The U.S. Alzheimer’s Disease Centers is overseeing a second round of a study exploring the effects of visual arts activities on quality of life for people with mild to moderate dementia and their caregivers. The study is accepting participants now for this new session beginning Sept. 10.
Led by researchers Allan Richards and Ann Christianson of the University of Kentucky School of Art and Visual Studies, this eight-week program will include groups of 12 (six people with dementia and their partner caregivers) who will participate in various visual arts activities, including painting, sculpture or collage.
“Our study is focused on providing mentally stimulating and enriching activities in the visual arts for persons with dementia in order to engage cognitive processes, emotions, and motor skills, perhaps slowing cognitive decline and improving quality of life,” Richards said.
Participants in the first round found the program to be a great success. “The spring program was lots of fun for everyone involved. The participants enjoyed creating beautiful works of art. Many expressed a desire to continue pursuing art projects past the duration of the program,” Christianson said.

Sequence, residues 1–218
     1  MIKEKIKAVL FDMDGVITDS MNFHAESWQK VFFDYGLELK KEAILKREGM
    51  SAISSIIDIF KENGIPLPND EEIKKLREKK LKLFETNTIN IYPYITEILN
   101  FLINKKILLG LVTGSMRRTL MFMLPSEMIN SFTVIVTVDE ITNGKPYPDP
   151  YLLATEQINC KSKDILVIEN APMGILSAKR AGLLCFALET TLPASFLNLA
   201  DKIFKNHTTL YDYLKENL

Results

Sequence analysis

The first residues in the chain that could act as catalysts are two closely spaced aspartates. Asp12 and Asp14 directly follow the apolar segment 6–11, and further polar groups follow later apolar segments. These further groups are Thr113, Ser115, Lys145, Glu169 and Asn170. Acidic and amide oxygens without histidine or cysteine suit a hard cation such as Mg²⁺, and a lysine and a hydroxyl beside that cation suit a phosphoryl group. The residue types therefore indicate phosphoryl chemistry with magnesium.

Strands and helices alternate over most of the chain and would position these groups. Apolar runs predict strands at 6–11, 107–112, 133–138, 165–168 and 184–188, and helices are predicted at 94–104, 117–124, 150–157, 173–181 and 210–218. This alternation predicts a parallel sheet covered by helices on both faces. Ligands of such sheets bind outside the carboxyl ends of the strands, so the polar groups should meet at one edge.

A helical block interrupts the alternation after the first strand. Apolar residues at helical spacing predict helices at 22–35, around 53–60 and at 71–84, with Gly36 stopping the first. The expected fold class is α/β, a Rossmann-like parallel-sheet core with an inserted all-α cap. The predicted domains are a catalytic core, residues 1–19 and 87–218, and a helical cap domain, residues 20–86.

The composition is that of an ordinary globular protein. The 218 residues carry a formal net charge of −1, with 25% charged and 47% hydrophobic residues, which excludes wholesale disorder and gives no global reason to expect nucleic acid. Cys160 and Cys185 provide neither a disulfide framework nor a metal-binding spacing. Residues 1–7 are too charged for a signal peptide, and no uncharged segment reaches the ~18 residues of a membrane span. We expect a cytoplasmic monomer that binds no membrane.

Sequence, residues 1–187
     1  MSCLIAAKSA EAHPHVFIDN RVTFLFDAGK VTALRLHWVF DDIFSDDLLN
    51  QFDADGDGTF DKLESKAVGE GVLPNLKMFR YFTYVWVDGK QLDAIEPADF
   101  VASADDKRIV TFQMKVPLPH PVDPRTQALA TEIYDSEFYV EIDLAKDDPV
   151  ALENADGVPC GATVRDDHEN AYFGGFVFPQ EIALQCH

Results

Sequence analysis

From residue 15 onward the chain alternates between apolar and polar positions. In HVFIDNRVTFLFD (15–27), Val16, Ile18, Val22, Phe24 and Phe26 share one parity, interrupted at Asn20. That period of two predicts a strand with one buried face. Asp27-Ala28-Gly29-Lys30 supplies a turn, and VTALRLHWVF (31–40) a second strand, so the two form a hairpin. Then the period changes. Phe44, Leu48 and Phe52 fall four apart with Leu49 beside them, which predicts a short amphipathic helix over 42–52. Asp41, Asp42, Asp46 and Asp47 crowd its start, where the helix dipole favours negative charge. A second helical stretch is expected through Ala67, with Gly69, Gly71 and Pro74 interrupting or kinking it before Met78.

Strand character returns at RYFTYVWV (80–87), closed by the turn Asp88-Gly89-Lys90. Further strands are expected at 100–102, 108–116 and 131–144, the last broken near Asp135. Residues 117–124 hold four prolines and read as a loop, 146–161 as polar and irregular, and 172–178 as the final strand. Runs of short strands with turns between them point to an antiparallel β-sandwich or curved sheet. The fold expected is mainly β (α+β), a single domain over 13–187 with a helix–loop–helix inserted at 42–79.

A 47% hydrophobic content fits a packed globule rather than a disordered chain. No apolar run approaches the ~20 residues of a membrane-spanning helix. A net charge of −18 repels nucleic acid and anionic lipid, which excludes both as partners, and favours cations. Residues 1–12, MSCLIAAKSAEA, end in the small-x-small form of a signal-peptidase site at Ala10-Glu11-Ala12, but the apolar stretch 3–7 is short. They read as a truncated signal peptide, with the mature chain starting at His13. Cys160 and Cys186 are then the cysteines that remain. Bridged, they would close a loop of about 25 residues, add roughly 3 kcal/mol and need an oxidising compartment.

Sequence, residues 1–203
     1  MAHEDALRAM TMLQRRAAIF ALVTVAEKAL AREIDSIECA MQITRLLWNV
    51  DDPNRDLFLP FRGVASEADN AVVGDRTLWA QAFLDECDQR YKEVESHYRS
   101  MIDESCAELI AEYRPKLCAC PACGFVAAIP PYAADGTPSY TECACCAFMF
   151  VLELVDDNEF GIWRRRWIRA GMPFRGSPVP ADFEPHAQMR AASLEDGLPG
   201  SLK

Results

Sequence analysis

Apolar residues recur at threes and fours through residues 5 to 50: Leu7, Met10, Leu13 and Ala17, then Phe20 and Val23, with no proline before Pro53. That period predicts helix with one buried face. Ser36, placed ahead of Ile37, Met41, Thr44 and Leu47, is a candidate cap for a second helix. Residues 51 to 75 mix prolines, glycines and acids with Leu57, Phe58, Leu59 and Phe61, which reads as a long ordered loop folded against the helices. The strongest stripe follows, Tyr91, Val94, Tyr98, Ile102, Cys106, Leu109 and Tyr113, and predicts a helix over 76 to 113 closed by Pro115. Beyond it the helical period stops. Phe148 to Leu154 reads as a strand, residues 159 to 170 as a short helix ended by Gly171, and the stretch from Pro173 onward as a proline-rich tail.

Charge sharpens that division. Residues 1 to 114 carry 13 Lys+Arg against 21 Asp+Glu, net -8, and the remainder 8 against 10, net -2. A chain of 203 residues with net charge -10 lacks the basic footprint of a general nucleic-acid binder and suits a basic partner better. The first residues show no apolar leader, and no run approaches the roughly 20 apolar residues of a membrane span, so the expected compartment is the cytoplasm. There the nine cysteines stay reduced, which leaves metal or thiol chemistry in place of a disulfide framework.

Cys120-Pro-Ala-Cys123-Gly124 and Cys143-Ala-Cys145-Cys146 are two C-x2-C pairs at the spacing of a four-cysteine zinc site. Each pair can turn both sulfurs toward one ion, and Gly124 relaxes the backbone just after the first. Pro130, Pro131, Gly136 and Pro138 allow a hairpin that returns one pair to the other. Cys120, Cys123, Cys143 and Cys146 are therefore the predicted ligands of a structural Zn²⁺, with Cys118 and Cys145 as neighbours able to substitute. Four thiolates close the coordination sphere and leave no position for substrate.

The study will begin Saturday, Sept. 10, and will be held once a week on Saturday or Sunday at the UK Art and Visual Studies Building located at 236 Bolivar St. Each session will last for about an hour and a half. All art supplies are free to study participants and free handicapped-accessible parking is available next to the building.
For more information about the study or to see whether you are eligible, call Richards at 859-361-1483 or Christianson at 859-312-4553.